Direct Reprogramming of Fibroblasts into Smooth Muscle Cells

Student thesis: Doctoral ThesisDoctor of Philosophy


The generation of induced pluripotent stem (iPS) cells is a useful tool for regenerative medicine. However, the risk of tumor development of the aforementioned cells should be addressed before they can be used for clinical applications. During the reprogramming process a number of signal pathways are activated, which may lead to direct differentiation of specific cell lineages prior to the cells reaching the pluripotent state. In order to test this hypothesis we designed a combined protocol of reprogramming and differentiation in an attempt to achieve direct differentiation of fibroblasts to specific cell lineages. Human fibroblasts were shortly reprogrammed by overexpression of four reprogramming factors (OCT4, SOX2, KLF4 and c-MYC) and maintained in reprogramming media on a gelatin substrate for four days. These cells were defined as partially induced pluripotent stem (PiPS) cells. PiPS cells did not form tumours in vivo and differentiated into smooth muscle cells (SMCs) when seeded on a Collagen IV substrate and maintained in differentiation media (DM). The PiPS-SMCs expressed a panel of SMC markers such as SMA, SM22 and Calponin at mRNA and protein levels. Immunofluorescent staining of PiPS-SMCs showed positive staining for the above markers, demonstrating a typical SMC morphology. These cells displayed a greater potential to differentiate into SMCs than iPS cells. In order to elucidate the mechanism of PiPS cell differentiation into SMCs, data from a series of experiments indicated that the gene DKK3 was involved in SMC differentiation of PiPS cells. DKK3 was expressed in parallel with SMC markers, while its overexpression or stimulation induced SMC marker expression. Furthermore, DKK3 silencing resulted in downregulation of SMC markers on both the mRNA and protein levels.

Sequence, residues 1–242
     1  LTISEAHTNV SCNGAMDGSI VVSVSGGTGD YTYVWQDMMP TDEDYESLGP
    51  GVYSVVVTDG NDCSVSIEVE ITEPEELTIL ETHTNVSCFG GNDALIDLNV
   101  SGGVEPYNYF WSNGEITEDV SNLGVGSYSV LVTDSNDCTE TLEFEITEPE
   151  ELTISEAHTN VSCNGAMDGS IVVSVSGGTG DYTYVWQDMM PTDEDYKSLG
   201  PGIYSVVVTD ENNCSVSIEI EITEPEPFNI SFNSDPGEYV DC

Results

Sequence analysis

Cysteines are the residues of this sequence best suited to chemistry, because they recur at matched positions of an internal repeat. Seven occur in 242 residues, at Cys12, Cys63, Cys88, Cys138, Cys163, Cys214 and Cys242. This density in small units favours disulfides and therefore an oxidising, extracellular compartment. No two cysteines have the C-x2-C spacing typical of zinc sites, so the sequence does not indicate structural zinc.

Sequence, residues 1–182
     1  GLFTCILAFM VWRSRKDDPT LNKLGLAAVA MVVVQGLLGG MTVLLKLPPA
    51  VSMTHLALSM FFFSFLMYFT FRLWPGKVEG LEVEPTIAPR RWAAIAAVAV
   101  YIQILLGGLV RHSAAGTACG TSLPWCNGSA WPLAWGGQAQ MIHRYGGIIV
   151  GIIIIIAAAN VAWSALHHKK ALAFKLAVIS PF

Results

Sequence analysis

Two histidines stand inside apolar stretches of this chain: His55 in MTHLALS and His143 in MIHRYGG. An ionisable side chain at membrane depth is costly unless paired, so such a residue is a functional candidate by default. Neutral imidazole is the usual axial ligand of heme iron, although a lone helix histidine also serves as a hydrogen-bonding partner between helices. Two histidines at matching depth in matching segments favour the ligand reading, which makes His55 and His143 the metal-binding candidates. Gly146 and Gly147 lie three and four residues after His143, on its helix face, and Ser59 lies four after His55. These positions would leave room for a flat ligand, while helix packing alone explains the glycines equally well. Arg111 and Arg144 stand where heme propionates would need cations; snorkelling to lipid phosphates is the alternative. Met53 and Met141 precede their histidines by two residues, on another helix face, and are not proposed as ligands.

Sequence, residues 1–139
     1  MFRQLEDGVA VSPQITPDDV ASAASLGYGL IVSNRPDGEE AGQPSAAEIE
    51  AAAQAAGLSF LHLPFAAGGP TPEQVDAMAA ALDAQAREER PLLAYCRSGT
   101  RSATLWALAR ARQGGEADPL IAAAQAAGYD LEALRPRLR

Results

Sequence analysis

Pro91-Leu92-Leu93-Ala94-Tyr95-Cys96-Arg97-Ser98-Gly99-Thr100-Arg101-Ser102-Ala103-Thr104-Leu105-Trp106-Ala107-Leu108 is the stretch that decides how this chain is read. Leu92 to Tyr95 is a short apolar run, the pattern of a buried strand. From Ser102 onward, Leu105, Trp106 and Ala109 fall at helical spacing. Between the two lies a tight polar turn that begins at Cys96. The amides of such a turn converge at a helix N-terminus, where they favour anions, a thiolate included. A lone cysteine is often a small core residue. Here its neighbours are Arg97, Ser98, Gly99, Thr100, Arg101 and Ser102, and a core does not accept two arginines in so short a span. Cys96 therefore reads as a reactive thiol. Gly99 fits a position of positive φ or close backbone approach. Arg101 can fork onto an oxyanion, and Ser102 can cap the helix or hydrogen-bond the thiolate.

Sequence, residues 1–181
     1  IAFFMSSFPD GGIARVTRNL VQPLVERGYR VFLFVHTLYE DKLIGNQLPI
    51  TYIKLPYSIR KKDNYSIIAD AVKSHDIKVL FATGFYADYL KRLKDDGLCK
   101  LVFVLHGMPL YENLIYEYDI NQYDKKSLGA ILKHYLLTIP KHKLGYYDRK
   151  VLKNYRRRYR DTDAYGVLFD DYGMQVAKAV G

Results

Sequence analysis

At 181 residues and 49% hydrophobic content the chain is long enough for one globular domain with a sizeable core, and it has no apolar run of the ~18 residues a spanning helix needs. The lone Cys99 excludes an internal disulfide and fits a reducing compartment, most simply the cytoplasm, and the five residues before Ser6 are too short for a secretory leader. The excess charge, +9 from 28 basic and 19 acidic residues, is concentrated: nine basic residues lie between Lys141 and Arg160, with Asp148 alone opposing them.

Finally, additional experiments revealed that the upregulation of SMC markers by DKK3 is mediated by activation of Wnt signalling through interaction of DKK3 with the transmembrane receptor Kremen 1. Therefore, we developed a protocol to generate SMCs from PiPS cells through a DKK3 signal pathway. These findings provide a new insight into the mechanisms of SMC differentiation with therapeutic potential to vascular disease.
Date of Award2012
Original languageEnglish
Awarding Institution
  • King's College London
SupervisorQingbo Xu (Supervisor) & Rene Botnar (Supervisor)

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